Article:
Did you know that the average number of pushes per day for a full-time manual wheelchair user is 2,000 to 3,000! Take a second and let this number sink in: 2,000 to 3,000 pushes every day. Now, go ahead and use that great technique we talked about last week and just take your arms and shoulders through 10 pushes. That was 10 pushes and without any bodyweight, weight of the wheelchair, friction of the chair across the ground, etc…. If we are not ourselves a wheelchair user, we cannot fully understand how our shoulders would feel propelling every day, but we can gain an understanding on the amount of work that the shoulders go through on a daily basis and what steps we can take to help in preserving the shoulder long term.

As a therapist, we cannot learn everything in our university, so it is important that we are always continuing the learning process and relying on researchers and experts in our field to guide us in our clinical practice. I often refer to our clinical best practice guidelines and today I want to talk about one of my favourites for shoulder preservation:
Preservation of upper limb function following spinal cord injury: A clinical practice guideline for health-care professionals. I highly recommend, if you haven’t already, downloading a copy. In reading the clinical practice guidelines there are 35 recommendations based on evidence-based research to promote preservation of the upper extremity. We will not cover all 35 recommendations, but over the next several blogs we will slowly be covering a few recommendations listed below:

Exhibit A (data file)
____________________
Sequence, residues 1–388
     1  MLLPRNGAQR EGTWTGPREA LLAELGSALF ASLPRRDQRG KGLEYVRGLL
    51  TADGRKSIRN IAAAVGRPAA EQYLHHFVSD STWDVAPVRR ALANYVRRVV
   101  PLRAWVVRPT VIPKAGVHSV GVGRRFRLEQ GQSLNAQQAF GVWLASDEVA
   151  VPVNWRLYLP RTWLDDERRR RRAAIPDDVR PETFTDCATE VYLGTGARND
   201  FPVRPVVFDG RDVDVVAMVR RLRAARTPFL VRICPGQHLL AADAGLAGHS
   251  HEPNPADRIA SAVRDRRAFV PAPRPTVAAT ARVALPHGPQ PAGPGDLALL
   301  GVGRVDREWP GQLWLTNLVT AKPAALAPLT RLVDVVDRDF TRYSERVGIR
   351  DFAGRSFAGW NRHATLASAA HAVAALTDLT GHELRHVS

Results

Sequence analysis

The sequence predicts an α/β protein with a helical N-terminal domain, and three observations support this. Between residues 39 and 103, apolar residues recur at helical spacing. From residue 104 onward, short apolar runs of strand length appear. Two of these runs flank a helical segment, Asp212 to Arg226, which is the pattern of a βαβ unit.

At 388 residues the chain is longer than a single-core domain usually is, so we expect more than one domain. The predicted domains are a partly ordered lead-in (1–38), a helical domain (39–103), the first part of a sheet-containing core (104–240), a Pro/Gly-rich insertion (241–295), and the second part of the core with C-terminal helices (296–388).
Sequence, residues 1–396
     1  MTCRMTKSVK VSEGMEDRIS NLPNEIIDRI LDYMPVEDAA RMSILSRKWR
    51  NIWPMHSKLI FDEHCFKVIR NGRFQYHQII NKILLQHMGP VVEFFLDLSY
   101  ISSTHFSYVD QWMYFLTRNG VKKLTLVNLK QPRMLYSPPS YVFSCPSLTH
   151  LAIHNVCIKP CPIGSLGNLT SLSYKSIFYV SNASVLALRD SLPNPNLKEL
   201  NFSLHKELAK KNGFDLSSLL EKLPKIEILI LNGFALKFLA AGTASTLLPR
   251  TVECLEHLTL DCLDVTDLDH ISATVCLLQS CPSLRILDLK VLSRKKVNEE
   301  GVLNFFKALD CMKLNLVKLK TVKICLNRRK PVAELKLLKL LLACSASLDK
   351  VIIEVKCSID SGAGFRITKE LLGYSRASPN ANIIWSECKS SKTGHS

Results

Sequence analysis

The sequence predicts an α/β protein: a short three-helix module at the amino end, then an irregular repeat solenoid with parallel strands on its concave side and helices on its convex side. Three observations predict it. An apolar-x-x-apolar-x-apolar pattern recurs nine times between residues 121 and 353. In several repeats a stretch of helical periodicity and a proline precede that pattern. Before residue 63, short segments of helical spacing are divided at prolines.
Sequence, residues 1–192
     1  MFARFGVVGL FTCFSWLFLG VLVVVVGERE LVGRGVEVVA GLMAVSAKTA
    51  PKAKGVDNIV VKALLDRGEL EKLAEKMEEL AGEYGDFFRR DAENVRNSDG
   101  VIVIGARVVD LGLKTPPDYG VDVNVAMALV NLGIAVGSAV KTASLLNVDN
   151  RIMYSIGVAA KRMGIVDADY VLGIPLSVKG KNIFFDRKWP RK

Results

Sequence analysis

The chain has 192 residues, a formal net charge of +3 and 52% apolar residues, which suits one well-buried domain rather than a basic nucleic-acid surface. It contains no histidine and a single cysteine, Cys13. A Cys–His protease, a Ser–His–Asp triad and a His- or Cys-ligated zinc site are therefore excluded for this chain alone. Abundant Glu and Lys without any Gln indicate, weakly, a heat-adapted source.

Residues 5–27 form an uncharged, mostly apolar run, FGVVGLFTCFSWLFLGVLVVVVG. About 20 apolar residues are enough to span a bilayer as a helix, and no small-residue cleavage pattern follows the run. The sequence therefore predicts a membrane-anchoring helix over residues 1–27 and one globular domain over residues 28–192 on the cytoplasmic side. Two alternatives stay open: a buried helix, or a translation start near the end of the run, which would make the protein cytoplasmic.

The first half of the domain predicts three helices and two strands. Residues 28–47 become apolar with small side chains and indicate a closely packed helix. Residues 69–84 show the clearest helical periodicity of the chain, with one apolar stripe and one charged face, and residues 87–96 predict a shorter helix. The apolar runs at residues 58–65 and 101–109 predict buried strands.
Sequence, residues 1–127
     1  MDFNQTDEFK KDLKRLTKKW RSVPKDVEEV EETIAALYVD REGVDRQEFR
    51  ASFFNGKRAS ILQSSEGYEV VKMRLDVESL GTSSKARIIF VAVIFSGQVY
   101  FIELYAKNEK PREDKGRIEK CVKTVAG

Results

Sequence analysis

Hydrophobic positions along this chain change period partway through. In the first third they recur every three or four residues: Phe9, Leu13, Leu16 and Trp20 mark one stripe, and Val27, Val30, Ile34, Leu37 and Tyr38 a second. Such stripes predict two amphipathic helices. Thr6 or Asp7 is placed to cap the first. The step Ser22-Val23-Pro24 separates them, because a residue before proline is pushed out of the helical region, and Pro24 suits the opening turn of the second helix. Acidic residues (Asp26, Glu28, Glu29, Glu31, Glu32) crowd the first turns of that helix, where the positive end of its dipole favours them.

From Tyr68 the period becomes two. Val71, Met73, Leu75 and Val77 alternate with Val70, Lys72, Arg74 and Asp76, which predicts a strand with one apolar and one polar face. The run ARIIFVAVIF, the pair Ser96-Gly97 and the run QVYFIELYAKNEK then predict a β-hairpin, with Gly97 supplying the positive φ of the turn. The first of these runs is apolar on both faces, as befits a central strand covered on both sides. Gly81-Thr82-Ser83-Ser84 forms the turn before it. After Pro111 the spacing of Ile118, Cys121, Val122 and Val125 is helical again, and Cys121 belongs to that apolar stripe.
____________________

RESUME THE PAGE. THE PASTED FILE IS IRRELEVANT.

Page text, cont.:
1. Provide manual wheelchair users with SCI a high-strength, fully customisable manual wheelchair made of the lightest possible material.

2. Adjust the rear axle as far forward as possible without compromising the stability of the user.

3. Position the rear axle so that when the hand is placed at the top dead-centre position on the pushrim, the angle between the upper arm and forearm is between 100 and 120 degrees.

4. Educate the patient to:
    a. Use long, smooth strokes that limit high impacts on the pushrim.
    b. Allow the hand to drift down naturally, keeping it below the pushrim when not in actual contact with that part of               the wheelchair.

5. Promote an appropriate seated posture and stabilization relative to balance and stability needs.

6. Incorporate flexibility exercises into an overall fitness program sufficient to maintain normal glenohumeral motion and pectoral muscle mobility.

7. Incorporate resistance training as an integral part of an adult fitness program. The training should be individualized and progressive, should be of sufficient intensity to enhance strength and muscular endurance, and should provide stimulus to exercise all the major muscle groups to pain-free fatigue.
Hopefully as you read through all of these recommendations at least one or two makes sense already. Today, we are going to end with two videos from the extremely talented Madison de Rozario. Madison is an Australian Paralympic athlete and has helped create a few videos on the importance of shoulder health. In these videos you can see Madison touch on many of the above listed recommendations.




Next week, we will continue our discussion on shoulder preservation and deep dive into the recommendations.

Preservation of upper limb function following spinal cord injury: A clinical practice guideline for health-care professionals. J Spinal Cord Med. 2005; 28 5: 434–470.